Spanner in works of shipping schedules

Port Otago’s container wharf was quiet yesterday as global shipping delays continue to affect...
Port Otago’s container wharf was quiet yesterday as global shipping delays continue to affect schedules. PHOTO: GREGOR RICHARDSON
Port Otago is still feeling the "knock-on" effect of the global shipping delay caused by the pandemic.

Covid-19 has caused delays at ports around the world and New Zealand is no exception.

Port Otago chief executive, Kevin Winders said Port Otago was a link in the chain of the network of ports.

"A lot of it is out of our control ... it’s a bit up and down at the moment.

"So, when you have limited resources, we just have to do our best and our team are doing a great job," he said.

Three service ships usually called into Port Chalmers a week but the delay affected the frequency of these visits.

"Last week, we had no service calls and then they are trying to catch up over the next week, 10 days."

While the delay was bringing some quiet lows, port staff were catching up on other jobs.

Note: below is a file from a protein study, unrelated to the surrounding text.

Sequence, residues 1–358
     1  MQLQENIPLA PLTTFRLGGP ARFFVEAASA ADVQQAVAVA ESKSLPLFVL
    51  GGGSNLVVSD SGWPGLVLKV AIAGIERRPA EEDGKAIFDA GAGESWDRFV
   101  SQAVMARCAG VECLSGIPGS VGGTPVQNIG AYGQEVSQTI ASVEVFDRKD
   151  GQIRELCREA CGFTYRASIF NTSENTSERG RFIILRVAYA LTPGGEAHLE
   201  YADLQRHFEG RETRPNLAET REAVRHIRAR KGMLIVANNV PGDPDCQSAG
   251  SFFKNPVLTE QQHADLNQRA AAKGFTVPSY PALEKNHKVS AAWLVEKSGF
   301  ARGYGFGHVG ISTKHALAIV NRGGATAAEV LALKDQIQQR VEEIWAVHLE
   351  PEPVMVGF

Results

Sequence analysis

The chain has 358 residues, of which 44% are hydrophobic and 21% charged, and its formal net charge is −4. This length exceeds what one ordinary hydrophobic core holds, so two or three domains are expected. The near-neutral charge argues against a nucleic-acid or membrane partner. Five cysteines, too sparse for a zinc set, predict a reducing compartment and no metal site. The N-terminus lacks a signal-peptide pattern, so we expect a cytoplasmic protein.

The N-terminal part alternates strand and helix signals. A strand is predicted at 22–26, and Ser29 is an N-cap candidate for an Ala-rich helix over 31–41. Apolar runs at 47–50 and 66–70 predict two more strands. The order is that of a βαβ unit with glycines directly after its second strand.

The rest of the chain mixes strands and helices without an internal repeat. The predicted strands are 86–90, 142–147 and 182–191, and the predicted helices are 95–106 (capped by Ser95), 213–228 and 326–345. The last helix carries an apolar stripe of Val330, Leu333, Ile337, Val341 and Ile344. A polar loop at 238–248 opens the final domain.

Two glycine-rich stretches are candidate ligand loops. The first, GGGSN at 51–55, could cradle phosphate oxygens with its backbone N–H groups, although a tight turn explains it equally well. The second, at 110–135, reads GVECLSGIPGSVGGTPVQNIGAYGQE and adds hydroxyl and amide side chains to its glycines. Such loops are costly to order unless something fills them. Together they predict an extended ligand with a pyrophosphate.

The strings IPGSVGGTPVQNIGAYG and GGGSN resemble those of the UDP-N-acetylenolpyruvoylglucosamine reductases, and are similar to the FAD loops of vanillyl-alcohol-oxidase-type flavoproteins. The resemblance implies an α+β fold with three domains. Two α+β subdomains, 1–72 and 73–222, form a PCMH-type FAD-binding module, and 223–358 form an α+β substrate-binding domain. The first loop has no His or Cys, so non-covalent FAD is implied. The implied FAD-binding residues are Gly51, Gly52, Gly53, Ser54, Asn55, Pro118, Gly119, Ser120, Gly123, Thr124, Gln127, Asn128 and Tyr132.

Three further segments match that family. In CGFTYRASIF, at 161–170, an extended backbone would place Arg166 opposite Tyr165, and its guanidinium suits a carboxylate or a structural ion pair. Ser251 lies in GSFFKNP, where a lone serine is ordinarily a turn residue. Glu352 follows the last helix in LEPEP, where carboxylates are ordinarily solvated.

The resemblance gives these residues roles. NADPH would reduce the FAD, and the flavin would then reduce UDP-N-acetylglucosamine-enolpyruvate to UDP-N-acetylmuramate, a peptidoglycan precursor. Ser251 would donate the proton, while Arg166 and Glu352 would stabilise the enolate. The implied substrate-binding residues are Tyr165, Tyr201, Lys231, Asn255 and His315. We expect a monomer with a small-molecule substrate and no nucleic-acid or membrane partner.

"That’s when we try and redeploy staff on to staff training and get them to take some leave and have some down time," he said.

It’s just juggling that up and down.

On top of the shipping delays, there had been a short supply of empty containers arriving.

The empty containers are recycled through the New Zealand supply chain and reloaded with exports.

Mr Winders said the container supply was "pretty tight".

"When you get gaps and ships are feeding you empties to supply to the customer to fill up ... you chew through the supply pretty quickly.

"Its a real challenge for our customers," he said.

In February, RNZ reported, Transport Minister Michael Wood warned that supply chain problems at the ports would continue for much of this year.

Mr Wood said domestically there were problems with cranes and staffing at Auckland Port, creating a "perfect storm".

The ministry was working to bring the supply chain sector to derive solutions, he said.

- By Riley Kennedy

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